The Nestorians have a number of peculiar customs and manners. Their marriage ceremonies are very interesting, as also are some of their other festivals, during which, at least in the Urmia plain, there is always plenty of dancing, drinking, and in the end fighting. The mountain Nestorians more particularly are fond of hunting and hawking. One custom may be mentioned as peculiarly European; not only do they kiss the hands of their clergy, but they lift their caps to them- a mark of respect nowhere else in use in the East. Blood-revenge is in full vogue both in mountains and lowlands; but there are asylums for homicides. Pork is never eaten. As to creed, the Nestorians are strongly opposed to image worship, have no auricular confession, know nothing of a purgatory, and allow their priest to marry. The Lord’s Supper is a kind of magical ceremony with them, and several curious customs are connected with its observance. As a matter of course their peculiarities are better preserved in places like Urmia on the one side or the mountain district of Tiyari on the other, where they live together in considerable numbers.

In regard to the total numerical strength of the Nestorians, authorities differ greatly. Perkins spoke of 140,000, and assigned 50,000 to Tiyari alone. The most trustworthy data are probably those of Badger, based, in the main, on information furnished by the patriarch, but with the number of families reduced one-third throughout (the figures given having, in some instances, been seen to be greatly exaggerated). The total number of families being 11,378 it may be estimated that the individuals amount to about 70,000. In the following table the enumeration of families as 4500 in Nos. 7 and 8 is purely approximate.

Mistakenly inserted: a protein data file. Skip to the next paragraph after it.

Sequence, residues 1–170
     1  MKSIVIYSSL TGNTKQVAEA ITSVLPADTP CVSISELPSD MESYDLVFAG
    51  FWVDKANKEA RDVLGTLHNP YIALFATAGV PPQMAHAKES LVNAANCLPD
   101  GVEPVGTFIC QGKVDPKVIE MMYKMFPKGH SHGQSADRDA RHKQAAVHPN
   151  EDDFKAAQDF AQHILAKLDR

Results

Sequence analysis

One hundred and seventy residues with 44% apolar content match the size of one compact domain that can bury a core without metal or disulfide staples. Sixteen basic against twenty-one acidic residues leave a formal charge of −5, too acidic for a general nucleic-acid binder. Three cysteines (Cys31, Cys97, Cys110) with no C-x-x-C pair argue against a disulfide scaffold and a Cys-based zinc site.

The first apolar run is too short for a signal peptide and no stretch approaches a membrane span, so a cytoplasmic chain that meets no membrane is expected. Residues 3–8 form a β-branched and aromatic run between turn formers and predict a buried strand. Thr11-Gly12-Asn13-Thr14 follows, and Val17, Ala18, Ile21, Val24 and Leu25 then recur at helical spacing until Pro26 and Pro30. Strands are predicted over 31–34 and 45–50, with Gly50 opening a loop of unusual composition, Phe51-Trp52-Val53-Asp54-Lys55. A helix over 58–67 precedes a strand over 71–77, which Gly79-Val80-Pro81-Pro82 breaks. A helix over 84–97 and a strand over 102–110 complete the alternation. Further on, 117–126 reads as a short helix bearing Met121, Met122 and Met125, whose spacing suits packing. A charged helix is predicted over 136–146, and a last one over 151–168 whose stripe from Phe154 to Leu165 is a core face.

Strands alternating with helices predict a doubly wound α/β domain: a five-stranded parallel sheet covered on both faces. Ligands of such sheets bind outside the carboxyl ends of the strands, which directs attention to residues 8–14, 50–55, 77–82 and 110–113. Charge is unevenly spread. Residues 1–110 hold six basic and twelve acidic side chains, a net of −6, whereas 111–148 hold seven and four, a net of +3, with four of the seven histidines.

TABLE

The first-named diocese is the most southerly; it embraces the districts of Akra, Zebur, Mesuriye, and Jebel Gara to the north of Mosul. It is there more especially that, since the date of the collection of the figures given above, there have probably been accessions to the Chaldaean Church. The second diocese, comprising Berwari, Nerwi, and Suprna, lies to the north of the first, and nearer the mountains; the third, farther to the west and northwest, is mainly occupied by independent Kurds, and is still practically unexplored; the fourth, directly subject to the patriach, contains, besides the county of Tiyari (upper and lower), almost exclusively inhabited by Nestorians, Asththa to the west, and Kotchannes, Diz., &c., to the north. North-eastward towards the Persian frontier lies the sixth diocese, including, in addition to Gawar, Albak and some other small isolated parishes; to the north of Tiyari is the (ninth) diocese of Lewun and Nudes (Nurduz?), and to the east (fifth diocese) two leading districts of the Tkhoma mountains and the inhospitable Tchelu, along with Bar, Rekan, and Tchall. The seventh diocese, called also be Shems-ud-din, lies to the east of Tchellu, and includes also Baradost, as well as Tergawer, Marjaver, &c., within Persian territory.

See G.P. Badger, The Nestorians and their Rituals, 2 vols. London 1852; J. Perkins, A Residence of Eight Years in Persia among the Nestorian Christians. Andover, 1843; Asahel Grant, The Nestorians or the Lost Tribes, 2d ed. London 1843; and also compare Layard’s Nineveh and Ritter’s Asia.( A. SO)



The above article was written by:

Early History of the Nestorians
Rev. J. Sutherland Black

and

Modern Nestorians
Prof. Albrecht Socin.